Live Auctions

Rare and Restored: 1969 Velorex 16/350

Microcars have a strong following in the classic community, with some makes and models more common than others. Vehicles like the Isetta and Messerschmitt enjoy strong recognition, although the field also features some rarer and more quirky offerings. One of those is the Velorex 16/350, a three-wheeled classic with its own unique design features. Designed principally as transport for people with a disability, they have developed a following in the classic world thanks to their basic engineering principles and ease of maintenance. This 1969 Velorex is a tidy example that has undergone restoration. It has no apparent needs and would suit a buyer seeking an unusual turnkey vehicle to park in their garage. It is listed here on eBay in Hookstown, Pennsylvania. Bidding has raced beyond the reserve and sits at $2,850.

Vehicle manufacturers have long grappled with the question of panel materials, considering the best option for their offerings. Most follow the safe route of using steel, while others choose aluminum and even timber. Recent technological developments have seen plastic and composite materials gaining traction, but I can’t think of many who’ve seen vinyl as the perfect choice. I can’t imagine cladding a vehicle like a Pontiac GTO or Mustang with vinyl, but it makes perfect sense with a car like this 1969 Velorex. The company developed this model primarily as transport for people with physical disabilities, equipping it with an engine that offered a modest power output. The car’s frame is made from steel, but saving weight was key to ensuring adequate performance while maintaining some semblance of weather protection. Therefore, selecting vinyl was an act of pure genius. The material is light, water-resistant, cheap, and easy to maintain, repair, or replace. The seller indicates this 16/350 underwent a total restoration, with the frame powdercoated and the fenders and fuel tank treated to two-stage paint. I believe they probably replaced the vinyl because its condition is excellent for a Velorex of this vintage. The top fits as tight as a drum, the windshield is new, and the wire wheels look perfect. Overall, it seems like the buyer won’t spend much on this classic beyond the purchase price.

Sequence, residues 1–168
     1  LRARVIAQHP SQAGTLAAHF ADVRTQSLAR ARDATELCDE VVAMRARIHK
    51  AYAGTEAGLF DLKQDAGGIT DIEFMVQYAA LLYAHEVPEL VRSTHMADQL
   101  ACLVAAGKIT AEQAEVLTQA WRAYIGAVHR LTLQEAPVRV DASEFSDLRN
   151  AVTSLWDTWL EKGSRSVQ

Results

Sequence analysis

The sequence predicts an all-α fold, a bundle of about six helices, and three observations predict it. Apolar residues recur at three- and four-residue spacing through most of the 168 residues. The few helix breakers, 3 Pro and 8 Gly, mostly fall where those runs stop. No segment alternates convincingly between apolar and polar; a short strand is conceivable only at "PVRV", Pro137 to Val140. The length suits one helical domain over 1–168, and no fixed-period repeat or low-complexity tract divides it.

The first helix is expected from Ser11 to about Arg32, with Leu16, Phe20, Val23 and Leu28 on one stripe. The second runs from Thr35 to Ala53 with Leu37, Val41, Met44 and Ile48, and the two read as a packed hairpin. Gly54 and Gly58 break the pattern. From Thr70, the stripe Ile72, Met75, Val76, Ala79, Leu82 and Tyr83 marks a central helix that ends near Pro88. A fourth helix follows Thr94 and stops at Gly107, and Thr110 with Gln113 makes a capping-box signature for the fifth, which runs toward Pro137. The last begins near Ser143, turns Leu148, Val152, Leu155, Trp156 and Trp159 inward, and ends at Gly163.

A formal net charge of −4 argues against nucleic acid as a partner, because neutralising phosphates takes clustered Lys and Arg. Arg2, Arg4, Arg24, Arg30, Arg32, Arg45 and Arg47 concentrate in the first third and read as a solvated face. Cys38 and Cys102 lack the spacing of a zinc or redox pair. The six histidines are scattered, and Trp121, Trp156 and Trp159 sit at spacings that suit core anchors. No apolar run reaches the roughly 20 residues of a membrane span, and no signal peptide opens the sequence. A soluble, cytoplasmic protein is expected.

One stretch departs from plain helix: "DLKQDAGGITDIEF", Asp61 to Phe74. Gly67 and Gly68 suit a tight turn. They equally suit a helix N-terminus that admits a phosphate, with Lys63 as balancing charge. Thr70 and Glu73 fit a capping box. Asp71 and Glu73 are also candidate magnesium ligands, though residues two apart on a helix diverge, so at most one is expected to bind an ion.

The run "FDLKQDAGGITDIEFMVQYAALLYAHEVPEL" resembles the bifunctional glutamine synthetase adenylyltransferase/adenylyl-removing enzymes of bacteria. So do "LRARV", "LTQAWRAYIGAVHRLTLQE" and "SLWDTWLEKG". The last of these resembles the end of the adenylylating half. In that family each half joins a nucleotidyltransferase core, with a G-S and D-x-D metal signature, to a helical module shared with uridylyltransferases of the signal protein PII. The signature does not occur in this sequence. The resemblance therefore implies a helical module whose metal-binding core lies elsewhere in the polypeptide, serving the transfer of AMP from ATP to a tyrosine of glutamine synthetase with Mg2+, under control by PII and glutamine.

Three-wheel cars have a reputation for being unstable when push comes to shove, although the Velorex’s single rear wheel offers greater stability than those manufacturers who pursued the single front wheel route. Velorex powered the 16/350 with a 343cc twin-cylinder air-cooled Jawa motorcycle engine that sends its 16hp to the rear wheel via a four-speed manual transmission and a chain drive. One of the “luxuries” that owners didn’t receive was a reverse gear in the transmission. That sounds like a shocking oversight, but the company offered an ingenious solution. The 16/350 featured a system called “Dynastart.” It allows the driver to stop the engine and restart it rotating in the opposite direction. This gave the driver access to four reverse gears and theoretically provided the same top speed in both directions! I’m unsure whether anyone has tested that theory, but if you buy this classic and decide to do so, I’m happy to be an interested observer from a safe distance! If the driver keeps the pedal pressed to the boards, the Velorex could achieve a top speed of 55mph. However, its comfortable cruising speed is a more sedate 35mph, which is respectable for a vehicle of this type. The seller indicates the engine is rebuilt after a slight overbore. They don’t specifically say how it runs or drives, but the physical condition allows us to be quietly optimistic.

When you climbed aboard a Velorex, you would never examine the interior and mistakenly believe you were in a Cadillac. The equipment levels represent motoring at its most basic, with a speedometer, a steering wheel, and switches for the headlamps and windshield wiper. There are no luxuries like a radio or power windows, and if you want air conditioning, it’s as simple as dropping the top. Joking aside, this classic’s interior presents well, The red vinyl upholstery looks bright, and there is no wear. It is another aspect of the vehicle that appears to need nothing.